By Zach Giroux for The Island Connection
The race for South Carolina’s District 115 House seat was tight, a margin so close that it wasn’t confirmed until the wee hours after Election Day.
Democrat Spencer Wetmore narrowly defeated Republican Josh Stokes 51% to 49%, by a difference of 420 votes from a constituency of 26,344 voters who turned out in-person and by mail in Folly Beach, James Island, Kiawah Island and Seabrook Island. The seat had been firmly secured by Republicans since 2010 until Wetmore defeated Stokes in a special election to replace Peter McCoy – now a U.S. Attorney – in August.
The last Democrat to hold the seat was attorney Anne Peterson Hutto, who lost to McCoy in 2010.
There appears to be a correlation with the District 115 seat and the legal profession because both Wetmore and Stokes hail from law backgrounds. In fact, Stokes has been a close friend of McCoy’s and his law partner since 2011.
There’s a connection between the Wetmore and Stokes families as well.
While Stokes was attending Charleston School of Law, he was a clerk in the Charleston County Solicitor’s Office, aiding Wetmore’s husband.
The victor in the rematch between Wetmore and Stokes boasts an impressive resume. She attended Princeton University from 2001 to 2005 before continuing her education at Vanderbilt University Law School from 2007 to 2010.
Fresh out of law school, Wetmore served as a prosecutor at the same solicitor’s office as her significant other. In 2014, she became the city administrator of Folly Beach. For the past six years, until stepping down in August to run for the Legislature, Wetmore’s top priorities for the beach town have been beach renourishment and disaster response. Now, as the face of the district, her major focuses are the environment and improving public education.
Leading up to her confirmation as District 115’s representative for the next two years, Wetmore appeared to be the frontrunner, after getting 59% of the vote in August’s special election – a whopping 20% victory over Stokes. This was an indicator early on that Wetmore would beat Stokes by a landslide, but it also was a presidential election year, so a lot of voters would be tied to the top of their ticket.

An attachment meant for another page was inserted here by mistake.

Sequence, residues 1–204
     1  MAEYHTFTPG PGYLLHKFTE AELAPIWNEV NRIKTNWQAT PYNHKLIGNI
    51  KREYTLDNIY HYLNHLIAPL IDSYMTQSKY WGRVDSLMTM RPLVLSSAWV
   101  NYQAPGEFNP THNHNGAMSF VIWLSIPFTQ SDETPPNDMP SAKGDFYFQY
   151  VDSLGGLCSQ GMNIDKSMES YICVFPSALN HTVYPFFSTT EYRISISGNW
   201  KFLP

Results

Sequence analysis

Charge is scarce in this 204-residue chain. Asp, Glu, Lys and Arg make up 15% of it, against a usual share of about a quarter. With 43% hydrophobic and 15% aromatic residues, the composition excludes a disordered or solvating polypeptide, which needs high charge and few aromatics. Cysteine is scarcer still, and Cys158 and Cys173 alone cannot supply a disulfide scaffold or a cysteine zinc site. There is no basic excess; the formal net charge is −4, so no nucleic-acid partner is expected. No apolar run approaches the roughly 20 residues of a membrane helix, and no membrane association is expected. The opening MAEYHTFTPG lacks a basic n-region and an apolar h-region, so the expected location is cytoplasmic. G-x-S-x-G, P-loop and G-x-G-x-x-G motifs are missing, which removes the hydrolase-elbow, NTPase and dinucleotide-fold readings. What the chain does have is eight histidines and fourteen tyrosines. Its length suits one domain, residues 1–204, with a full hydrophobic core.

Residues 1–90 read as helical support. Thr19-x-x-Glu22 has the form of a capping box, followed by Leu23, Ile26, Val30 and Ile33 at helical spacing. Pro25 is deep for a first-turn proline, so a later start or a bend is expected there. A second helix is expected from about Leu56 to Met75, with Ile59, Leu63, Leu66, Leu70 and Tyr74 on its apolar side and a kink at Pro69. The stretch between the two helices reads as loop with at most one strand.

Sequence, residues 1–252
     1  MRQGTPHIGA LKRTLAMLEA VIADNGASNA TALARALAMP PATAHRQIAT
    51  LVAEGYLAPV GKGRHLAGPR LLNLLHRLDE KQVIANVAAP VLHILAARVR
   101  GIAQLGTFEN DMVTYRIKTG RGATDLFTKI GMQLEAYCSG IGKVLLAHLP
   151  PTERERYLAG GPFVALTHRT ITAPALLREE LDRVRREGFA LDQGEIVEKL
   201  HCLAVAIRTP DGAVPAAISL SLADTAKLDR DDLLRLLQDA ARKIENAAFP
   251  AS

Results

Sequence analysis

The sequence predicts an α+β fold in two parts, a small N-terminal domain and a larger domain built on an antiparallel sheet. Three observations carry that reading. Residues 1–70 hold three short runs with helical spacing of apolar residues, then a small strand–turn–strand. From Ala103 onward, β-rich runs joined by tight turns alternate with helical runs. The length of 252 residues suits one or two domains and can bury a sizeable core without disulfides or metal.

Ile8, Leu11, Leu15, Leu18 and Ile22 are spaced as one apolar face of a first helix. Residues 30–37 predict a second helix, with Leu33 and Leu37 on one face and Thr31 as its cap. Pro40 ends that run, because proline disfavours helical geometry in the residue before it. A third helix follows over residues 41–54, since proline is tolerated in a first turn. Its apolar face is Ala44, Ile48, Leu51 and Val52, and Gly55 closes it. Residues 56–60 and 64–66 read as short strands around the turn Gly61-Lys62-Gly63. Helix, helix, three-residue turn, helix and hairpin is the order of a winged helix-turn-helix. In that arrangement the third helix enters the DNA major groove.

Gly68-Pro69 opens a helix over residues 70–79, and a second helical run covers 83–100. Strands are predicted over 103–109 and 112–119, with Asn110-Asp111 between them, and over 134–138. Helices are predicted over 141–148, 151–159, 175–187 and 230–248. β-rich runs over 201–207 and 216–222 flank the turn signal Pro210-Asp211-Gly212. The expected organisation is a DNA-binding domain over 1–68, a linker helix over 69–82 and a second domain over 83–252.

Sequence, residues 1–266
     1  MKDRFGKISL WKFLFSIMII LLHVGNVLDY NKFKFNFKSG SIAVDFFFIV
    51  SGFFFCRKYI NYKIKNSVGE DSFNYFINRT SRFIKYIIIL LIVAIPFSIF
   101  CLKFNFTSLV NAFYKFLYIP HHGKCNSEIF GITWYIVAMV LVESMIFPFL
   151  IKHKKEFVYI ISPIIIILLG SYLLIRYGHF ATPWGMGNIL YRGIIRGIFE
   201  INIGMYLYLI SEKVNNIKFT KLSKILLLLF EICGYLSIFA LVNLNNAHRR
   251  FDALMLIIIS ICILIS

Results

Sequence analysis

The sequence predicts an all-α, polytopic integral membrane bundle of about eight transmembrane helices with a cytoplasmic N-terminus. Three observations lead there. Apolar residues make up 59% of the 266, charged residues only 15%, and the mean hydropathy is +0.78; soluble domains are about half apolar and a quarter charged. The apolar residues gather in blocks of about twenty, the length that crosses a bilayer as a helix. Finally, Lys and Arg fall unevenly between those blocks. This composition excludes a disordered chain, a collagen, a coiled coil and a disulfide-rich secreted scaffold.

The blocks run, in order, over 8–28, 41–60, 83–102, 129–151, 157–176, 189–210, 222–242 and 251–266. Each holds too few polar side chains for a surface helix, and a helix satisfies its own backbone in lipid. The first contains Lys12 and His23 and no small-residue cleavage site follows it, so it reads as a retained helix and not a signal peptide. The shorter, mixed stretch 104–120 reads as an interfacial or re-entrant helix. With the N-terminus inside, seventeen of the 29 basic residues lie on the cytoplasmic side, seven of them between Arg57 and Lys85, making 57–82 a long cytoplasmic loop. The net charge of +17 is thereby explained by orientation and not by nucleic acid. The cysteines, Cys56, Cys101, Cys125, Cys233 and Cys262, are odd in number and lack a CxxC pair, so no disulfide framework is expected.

August’s special election drew 15% of registered voters, while November’s general election saw a 70% voter turnout.
The night of the election proved the margin between candidates to be a lot closer than previously anticipated.
After the polls closed at 7 p.m. on Nov. 3, in-person votes were trending in favor of Stokes and the absentee mail-ins showed more support for Wetmore. In the end, one advantage was canceled by the other.
The race ultimately came down to in-person absentee votes. Wetmore’s victory was confirmed around 3:30 a.m. on Nov. 4.
The morning after the votes stopped trickling in and the race was called, Stokes called to congratulate Wetmore. In short, he told her “good job,” with the sincerity of an old friend rather than a political foe.
“The fact that I have an ‘R’ after my name on the ballot and she has a ‘D’ after her name on the ballot might make a lot of people think that we believe completely different on a lot of things,” Stokes said. “We probably don’t.”
Stokes was elected to the James Island Town Council in 2014 and served until 2019. During that time he was instrumental in establishing several new annual events, including the town’s Christmas Tree lighting. Aside from co-founding McCoy & Stokes, LLC, Stokes is a heavy donor and supporter of many local organizations and charities.
“It’s disappointing to make up as much ground as I did and be as short and as close together as we were at the end,” Stokes added.
Wetmore noted that contacting voters and strengthening grassroots connections were difficult due to COVID-19.
However, she recalled knocking on thousands of doors to allow her neighbors to put a face with the name.
“We got a mom in office,” was a popular phrase Wetmore heard from voters after the election.